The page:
The unenforceable visitation order combines elements of both the “amicable divorce trick” and “using the children as weapons trick.” The success of this trick is largely a result of a parent not having an attorney to protect them.
When someone I consult with asks me, “do I need an attorney?” I will often pause and think about the variations I have seen of this trick in particular. For that reason, I will often say, “I think everyone should be represented by an attorney. At least that way they know what they are agreeing to is reasonable.”
Today I am going to discuss a couple of the worst tricks I have seen that have made a parent’s visitation order unenforceable.
Example #1 -I have a Standard Visitation Order, Don’t I?
One gentleman I met had gone through a divorce while he was in the military. He had tried to make sure his family would be taken care of after the divorce. When this gentleman agreed to a visitation order, he thought he was getting standard visitation.
He learned he did not have normal visitation when, after the divorce, he tried to exercise his visitation and his ex-wife refused to let him see his kids. She told him that he only had standard visitation when she agreed.
The language that his ex-wife’s attorney had placed in the order was for a standard visitation order. However, the attorney had also slipped this language in:
“At this time, the Home Parent and Co-Parent agree that there shall be no visitation.
If at such time the Home Parent and Co-Parent agree to allow visitation, then visitation will be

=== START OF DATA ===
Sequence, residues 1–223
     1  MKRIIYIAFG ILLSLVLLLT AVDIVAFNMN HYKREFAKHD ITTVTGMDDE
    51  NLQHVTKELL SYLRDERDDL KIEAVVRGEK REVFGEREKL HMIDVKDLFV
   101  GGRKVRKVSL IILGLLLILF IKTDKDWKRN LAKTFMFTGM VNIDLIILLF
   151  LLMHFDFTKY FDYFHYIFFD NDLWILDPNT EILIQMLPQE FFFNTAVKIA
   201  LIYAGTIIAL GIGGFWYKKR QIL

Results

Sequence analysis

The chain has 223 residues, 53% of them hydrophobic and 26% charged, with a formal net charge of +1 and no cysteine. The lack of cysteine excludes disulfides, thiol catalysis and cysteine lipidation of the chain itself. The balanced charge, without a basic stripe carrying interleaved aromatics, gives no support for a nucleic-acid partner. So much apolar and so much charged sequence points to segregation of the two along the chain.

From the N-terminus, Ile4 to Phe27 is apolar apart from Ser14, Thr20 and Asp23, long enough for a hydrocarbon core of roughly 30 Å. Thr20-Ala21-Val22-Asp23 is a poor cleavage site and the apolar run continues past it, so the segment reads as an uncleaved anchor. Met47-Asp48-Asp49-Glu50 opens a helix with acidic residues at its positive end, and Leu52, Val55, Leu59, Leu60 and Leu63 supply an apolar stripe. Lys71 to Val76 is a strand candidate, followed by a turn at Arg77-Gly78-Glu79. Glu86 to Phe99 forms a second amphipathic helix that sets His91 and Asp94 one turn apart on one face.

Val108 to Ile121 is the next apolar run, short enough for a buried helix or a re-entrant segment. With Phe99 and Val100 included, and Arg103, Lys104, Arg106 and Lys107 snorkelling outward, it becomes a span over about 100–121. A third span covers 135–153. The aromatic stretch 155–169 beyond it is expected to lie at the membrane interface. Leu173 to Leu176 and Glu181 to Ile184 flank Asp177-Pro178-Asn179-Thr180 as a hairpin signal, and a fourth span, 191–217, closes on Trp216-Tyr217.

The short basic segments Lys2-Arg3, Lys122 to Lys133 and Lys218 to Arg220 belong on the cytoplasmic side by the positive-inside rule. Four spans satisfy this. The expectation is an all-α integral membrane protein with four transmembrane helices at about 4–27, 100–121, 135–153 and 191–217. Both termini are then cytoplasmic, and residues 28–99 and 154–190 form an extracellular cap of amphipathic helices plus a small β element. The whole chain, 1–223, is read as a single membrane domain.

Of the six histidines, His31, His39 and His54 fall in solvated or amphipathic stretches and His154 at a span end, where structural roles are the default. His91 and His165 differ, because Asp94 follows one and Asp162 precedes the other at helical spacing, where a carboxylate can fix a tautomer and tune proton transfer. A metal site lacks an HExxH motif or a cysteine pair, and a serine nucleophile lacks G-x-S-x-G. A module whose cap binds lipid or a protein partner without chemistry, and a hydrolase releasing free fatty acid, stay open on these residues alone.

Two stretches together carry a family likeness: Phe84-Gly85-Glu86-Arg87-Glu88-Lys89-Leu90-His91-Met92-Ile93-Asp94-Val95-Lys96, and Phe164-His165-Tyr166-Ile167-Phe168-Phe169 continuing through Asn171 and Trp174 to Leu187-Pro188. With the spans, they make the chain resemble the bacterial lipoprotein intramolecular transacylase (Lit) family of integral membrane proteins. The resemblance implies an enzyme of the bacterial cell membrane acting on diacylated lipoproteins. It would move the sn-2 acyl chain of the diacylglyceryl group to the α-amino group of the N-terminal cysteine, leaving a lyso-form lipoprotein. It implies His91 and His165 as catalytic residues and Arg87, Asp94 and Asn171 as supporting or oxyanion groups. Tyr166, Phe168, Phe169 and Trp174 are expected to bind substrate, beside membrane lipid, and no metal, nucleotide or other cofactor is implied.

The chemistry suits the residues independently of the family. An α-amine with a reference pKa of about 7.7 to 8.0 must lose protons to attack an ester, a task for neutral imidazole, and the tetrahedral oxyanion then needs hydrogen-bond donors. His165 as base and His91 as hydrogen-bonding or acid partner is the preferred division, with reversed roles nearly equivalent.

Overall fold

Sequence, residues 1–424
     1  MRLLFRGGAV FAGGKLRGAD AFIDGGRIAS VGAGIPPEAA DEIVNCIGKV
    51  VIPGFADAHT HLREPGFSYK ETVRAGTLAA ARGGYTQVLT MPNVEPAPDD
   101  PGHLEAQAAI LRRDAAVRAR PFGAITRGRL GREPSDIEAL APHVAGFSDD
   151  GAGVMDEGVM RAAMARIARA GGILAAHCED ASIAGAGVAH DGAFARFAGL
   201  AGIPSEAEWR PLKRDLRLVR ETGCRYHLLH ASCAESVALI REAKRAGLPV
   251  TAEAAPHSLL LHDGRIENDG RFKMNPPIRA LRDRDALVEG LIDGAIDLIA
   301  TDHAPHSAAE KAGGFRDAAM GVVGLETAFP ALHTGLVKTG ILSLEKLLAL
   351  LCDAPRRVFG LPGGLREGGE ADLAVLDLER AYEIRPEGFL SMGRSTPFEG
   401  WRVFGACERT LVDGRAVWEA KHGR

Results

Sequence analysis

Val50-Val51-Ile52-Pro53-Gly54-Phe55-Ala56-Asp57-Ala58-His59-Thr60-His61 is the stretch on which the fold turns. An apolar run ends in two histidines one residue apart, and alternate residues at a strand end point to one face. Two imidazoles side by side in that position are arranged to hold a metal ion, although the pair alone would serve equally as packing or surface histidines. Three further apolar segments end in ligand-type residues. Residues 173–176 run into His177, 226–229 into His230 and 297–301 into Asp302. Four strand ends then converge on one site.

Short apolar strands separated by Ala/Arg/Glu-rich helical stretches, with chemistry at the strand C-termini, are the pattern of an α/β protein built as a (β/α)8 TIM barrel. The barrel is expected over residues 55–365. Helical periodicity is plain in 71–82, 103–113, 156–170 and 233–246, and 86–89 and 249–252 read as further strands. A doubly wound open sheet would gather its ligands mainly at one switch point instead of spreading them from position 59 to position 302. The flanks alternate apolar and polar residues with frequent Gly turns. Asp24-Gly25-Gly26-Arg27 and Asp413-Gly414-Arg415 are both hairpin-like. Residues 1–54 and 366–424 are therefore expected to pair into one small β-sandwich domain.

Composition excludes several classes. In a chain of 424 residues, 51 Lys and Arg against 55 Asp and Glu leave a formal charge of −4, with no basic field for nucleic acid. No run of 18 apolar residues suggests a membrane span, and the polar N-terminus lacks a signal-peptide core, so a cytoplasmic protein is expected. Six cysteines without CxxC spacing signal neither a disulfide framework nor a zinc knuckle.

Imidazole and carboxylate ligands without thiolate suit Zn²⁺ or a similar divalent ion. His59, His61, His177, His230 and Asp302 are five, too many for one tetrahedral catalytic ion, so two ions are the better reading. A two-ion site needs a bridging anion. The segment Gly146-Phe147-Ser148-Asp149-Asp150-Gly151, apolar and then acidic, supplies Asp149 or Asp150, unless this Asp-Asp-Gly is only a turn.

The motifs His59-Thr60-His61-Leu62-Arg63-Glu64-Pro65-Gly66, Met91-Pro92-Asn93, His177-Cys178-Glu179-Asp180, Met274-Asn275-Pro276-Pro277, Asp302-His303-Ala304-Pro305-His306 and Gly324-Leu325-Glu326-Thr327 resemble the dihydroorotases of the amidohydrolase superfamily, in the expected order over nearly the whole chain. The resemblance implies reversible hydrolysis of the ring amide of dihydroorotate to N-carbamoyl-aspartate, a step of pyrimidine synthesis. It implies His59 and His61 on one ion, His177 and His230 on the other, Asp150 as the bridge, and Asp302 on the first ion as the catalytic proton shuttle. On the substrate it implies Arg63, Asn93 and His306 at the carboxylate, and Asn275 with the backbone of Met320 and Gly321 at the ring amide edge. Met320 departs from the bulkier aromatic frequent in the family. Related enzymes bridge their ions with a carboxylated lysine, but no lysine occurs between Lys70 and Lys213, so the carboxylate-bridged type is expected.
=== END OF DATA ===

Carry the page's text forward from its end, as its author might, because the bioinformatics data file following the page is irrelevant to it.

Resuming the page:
conducted as agreed to in advance by the Home Parent and Co-Parent.”
What this basically amounted to was that the gentleman had no visitation unless his ex-wife agreed to him having visitation.
IT IS ORDERED that the conservators shall have possession of the child at times mutually agreed to in advance by the parties, and, in the absence of mutual agreement, it is ORDERED that the conservators shall have possession of the child under the specified terms set out in this Possession Order.
The provision above is what should have been there. Basically, what the normal provision says is that the parents can agree to whatever they want. However, if they are not able to agree, then they need to follow the order. Then the order will go into detail of how to handle visitation.
The gentleman I met with ended up having to file to modify visitation and spend several thousand dollars to fix a few sentences in his divorce decree.
Example #2 -My Wife Is Denying Me Access to My Children. Can I File an Enforcement?
One of the benefits a visitation order is supposed to provide is that if the other parent is not following the visitation order, you can ask the court for help enforcing the visitation order.
Recently, I met a different man who had concluded his divorce case. On the first weekend he was supposed to exercise his visitation with his child, he arrived at his ex-spouse’s home at 6:00 p.m. to pick his daughter up. He knocked at the door but got no response.
He then texted his ex-spouse’s phone but did not get a response. He left disappointed, frustrated, and angry. He wondered if this was going to become a regular occurrence. Sure enough, it did. That was why he was in my office asking about his options to make sure this doesn’t happen again.
I explained how enforcing visitation worked. The judge will need evidence regarding a violation of a court order.
A “PROPER” DENIAL OF VISITATION
Correct Place / Correct Time
First and foremost, it is important to make sure you are picking your child up at the right time, date, and location.
Once you have confirmed the date, time, and location for pickup of your child, arrive at the location in advance and wait if necessary.
Knock on the door a few times and make sure that anyone in the home is aware that you are present and ready to pick up your child. Don’t just sit in your car in front of the home.
If you do these things and document, you can normally ask the court to enforce your court order.